Let's say for sake of discussion, it's something less dire. So, instead of fighting, it's something like running a 10k/6.2 miles. Most people can run without any additional training (just like fighting). Few can just pick up and run a 10k without some preparation. But the question is, what difference does it make whether you are preparing for a 10k you know you will be running, or you're choosing to prepare to run a 10k that may come at any point? The logic here seems to be that it makes perfect sense to prepare for a 10k you know is coming, like fighting in MMA. But, for whatever reason, there's just nothing to be done about a 10k that might happen any time.
I'm suggesting that the preparation should look pretty similar... if you're acknowledging you need to prepare for fights in one context, it just stands to reason that you would need to do so in another more random, more volatile, less restrictive context.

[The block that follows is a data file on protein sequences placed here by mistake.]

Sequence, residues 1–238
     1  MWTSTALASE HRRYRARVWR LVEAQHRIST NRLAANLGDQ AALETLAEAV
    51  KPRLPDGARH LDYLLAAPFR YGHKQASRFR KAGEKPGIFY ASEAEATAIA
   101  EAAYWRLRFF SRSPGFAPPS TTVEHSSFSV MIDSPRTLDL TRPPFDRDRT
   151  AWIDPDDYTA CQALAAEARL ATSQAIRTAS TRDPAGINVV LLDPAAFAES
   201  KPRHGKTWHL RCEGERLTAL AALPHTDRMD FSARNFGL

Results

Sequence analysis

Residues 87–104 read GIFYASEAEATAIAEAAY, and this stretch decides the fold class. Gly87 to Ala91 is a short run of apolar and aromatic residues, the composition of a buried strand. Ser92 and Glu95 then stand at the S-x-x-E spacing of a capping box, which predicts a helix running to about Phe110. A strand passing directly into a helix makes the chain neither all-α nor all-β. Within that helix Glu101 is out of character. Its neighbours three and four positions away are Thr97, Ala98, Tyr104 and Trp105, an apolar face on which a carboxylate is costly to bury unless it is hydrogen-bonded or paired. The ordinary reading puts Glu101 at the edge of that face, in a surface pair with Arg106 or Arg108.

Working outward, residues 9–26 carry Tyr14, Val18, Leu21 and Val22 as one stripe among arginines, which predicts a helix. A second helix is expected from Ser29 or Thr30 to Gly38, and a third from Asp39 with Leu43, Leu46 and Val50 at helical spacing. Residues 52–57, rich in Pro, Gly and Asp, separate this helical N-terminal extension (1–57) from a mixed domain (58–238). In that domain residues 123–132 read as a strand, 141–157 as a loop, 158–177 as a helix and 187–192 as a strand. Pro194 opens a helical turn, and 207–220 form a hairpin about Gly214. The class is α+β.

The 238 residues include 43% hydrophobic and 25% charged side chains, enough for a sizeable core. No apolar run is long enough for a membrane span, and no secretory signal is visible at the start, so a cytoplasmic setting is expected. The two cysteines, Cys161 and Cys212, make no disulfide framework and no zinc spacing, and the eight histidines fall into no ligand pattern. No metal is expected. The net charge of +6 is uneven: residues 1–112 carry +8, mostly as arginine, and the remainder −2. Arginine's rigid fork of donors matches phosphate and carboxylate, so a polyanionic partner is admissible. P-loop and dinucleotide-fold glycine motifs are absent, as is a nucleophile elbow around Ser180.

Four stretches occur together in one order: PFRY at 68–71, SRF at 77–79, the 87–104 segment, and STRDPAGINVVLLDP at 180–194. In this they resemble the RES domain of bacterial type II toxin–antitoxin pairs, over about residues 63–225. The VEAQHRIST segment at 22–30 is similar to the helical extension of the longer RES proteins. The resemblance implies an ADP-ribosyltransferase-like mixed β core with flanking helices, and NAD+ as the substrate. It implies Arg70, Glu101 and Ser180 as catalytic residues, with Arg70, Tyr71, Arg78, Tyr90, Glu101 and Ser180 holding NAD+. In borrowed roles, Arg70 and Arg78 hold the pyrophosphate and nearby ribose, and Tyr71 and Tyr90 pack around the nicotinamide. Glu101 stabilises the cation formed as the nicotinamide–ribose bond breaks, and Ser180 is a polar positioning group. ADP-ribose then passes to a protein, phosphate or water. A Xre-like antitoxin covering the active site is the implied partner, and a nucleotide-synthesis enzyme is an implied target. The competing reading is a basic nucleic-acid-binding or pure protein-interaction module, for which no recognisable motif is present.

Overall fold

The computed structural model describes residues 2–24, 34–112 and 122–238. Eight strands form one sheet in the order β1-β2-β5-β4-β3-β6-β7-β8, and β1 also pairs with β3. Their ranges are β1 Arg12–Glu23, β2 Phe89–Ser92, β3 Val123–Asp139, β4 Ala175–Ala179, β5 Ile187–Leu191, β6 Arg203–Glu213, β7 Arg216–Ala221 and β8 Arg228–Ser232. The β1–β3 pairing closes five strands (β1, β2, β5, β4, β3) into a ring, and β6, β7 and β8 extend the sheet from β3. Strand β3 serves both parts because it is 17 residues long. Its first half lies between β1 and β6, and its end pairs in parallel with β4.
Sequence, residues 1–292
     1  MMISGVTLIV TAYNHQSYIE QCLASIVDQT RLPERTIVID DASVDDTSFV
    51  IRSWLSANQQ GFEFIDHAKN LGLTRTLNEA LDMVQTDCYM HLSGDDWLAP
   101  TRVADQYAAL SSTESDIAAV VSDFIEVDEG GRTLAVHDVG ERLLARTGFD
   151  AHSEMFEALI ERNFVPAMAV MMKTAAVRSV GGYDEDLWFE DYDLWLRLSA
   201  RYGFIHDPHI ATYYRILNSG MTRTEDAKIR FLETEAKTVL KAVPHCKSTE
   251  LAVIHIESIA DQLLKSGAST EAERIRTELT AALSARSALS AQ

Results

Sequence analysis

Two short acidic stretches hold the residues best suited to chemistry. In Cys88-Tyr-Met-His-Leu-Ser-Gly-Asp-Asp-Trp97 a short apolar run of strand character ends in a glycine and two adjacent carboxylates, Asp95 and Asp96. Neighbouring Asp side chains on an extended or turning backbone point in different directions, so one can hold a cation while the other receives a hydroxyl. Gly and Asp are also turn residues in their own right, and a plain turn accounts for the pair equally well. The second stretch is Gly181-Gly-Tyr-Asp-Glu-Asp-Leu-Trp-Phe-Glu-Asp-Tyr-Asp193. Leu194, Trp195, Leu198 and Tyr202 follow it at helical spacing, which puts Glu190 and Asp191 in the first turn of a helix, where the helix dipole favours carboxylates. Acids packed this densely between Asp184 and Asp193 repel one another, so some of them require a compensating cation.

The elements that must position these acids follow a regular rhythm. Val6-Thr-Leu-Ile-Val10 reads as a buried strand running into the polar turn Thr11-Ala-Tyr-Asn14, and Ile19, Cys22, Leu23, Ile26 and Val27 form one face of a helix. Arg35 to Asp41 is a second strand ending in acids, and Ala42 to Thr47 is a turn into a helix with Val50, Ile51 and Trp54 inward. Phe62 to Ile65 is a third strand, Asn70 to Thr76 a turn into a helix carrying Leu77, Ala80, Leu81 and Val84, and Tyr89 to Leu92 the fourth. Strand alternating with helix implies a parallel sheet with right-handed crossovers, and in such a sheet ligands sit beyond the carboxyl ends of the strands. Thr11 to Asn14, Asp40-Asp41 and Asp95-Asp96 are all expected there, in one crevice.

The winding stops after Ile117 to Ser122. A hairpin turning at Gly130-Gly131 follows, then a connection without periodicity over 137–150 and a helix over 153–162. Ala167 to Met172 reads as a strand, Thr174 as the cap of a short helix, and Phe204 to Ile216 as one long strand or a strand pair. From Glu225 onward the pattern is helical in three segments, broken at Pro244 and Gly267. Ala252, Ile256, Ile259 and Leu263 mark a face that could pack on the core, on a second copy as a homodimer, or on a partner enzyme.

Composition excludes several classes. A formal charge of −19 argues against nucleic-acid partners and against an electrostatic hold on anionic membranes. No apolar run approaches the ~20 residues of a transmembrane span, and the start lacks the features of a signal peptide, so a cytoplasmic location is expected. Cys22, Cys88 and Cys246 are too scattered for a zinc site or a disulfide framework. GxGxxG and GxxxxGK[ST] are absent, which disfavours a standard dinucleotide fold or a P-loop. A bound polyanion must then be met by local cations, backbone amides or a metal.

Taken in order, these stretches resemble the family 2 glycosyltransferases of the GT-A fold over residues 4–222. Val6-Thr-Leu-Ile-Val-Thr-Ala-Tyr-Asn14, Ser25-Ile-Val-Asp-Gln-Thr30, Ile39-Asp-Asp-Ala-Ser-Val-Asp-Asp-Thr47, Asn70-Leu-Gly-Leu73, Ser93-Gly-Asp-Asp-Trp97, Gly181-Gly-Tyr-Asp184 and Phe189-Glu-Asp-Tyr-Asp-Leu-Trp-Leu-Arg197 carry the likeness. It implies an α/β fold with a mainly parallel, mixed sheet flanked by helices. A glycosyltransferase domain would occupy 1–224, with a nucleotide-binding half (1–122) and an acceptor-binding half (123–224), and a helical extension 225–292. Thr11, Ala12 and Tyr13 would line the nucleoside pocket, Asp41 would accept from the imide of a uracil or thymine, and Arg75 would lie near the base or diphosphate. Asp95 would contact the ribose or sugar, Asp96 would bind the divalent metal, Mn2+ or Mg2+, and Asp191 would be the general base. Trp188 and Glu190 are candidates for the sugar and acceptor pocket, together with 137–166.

I just don't think it's logic. Don't get me wrong. I'm tracking what you're saying. I was trying to be polite. If someone jumps you on a street, and you can't even handle yourself in a duel that's 2 months away, what makes you think you can handle yourself without any warning in a much more dire situation? That's just not a reasonable position to take. It defies logic.
Edit: I guess I should ask, how does your TKD training help you prepare to run someone over with your car?123